Thurston, Anne F., Turner-Gottschang, Karen, Reed, Linda A.. "2. Preparing for the Trip." China Bound, Revised: A Guide to Academic Life and Work in the PRC. Washington, DC: The National Academies Press, 1994.
The following HTML text is provided to enhance online
readability. Many aspects of typography translate only awkwardly to HTML.
Please use the page image
as the authoritative form to ensure accuracy.
CHINA BOUND: A Guide to Academic Life and Work in the PRC
for losing the form. Recently, however, customs officials have not been requesting these forms on departure. Until the changes in customs regulations become clear, you are advised to keep your copy.
One purpose of the customs declaration form is to prevent the sale or gifts of items that are relatively difficult to obtain in China and might have a high resale value or (in the case of reading material) that might be offensive to the Chinese government. If, for instance, you brought in small pocket calculators or digital clocks to give away as gifts, fines of up to 100 percent of their value could be imposed if you leave without them. A few people report having books (such as Orville Schell's Discos and Democracy) confiscated on entering China. If, however, reading materials are for your private use, the possibility of confiscation is minimal.
Foreigners entering China may bring up to four bottles of liquor, 600 cigarettes, an unlimited supply of medicine for personal use (in its original labeled container), personal effects, and an unlimited amount of currency and traveler's checks. There are no restrictions on still cameras, 8mm cameras, film, or personal video equipment (for example, cam-corders) but professional film and video equipment may not be brought in or taken out of China without special permission.
Americans going to Shanghai should note that the U.S. Consulate General there has received frequent complaints that Shanghai customs officials routinely assess and collect unusually high customs duties, particularly for supplies forwarded as unaccompanied baggage or sent through the international mail. Shanghai customs has published a pamphlet that lists prohibited and restricted items for all of China and gives some estimates for possible duties. Although this information is not definitive, it does give prospective American residents an idea of potential customs problems. The regulations in the pamphlet apply to all of China, but Shanghai is stricter about enforcing them. The Shanghai consular district includes the provinces of Jiangsu, Anhui, and Zhejiang. You should request a copy of this pamphlet from your Chinese host before leaving the United States.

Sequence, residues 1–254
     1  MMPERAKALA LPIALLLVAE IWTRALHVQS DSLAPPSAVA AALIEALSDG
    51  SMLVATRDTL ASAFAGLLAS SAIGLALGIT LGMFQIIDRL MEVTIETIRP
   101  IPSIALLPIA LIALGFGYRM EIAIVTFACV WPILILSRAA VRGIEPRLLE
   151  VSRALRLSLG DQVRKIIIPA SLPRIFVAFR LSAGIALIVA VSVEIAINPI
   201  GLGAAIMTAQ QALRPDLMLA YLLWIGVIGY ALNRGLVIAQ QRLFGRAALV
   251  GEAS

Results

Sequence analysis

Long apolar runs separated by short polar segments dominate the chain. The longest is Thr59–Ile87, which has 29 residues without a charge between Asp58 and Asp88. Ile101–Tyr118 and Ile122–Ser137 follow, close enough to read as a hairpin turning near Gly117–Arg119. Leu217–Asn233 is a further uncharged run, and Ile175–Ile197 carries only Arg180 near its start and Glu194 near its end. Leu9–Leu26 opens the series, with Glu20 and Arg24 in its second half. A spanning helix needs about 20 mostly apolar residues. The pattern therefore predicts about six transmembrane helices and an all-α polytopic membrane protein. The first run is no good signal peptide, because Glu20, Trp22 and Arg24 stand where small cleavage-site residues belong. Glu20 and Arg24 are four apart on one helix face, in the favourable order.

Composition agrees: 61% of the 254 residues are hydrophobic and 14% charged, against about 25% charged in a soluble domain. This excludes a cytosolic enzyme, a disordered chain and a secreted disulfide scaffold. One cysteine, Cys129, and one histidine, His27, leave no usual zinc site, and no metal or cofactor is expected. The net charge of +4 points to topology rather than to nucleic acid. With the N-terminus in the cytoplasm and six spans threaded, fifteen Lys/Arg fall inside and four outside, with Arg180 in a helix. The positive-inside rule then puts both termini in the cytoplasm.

According to the pamphlet,
Articles prohibited entry include not only the usual firearms, wireless transmitters, drugs, plants, contaminated foodstuffs, and Chinese currency but also, and much more ambiguously, ''publications, photographs, tapes, records and any other material harmful to Chinese politics, economy, culture or morals."
Certain articles may be brought in only in restricted quantity: wristwatches, pocket watches, and bicycles at one per person; cameras, radios, and sewing machines at one per family.
Duty is high: 20 percent for grains, flours, medical equipment,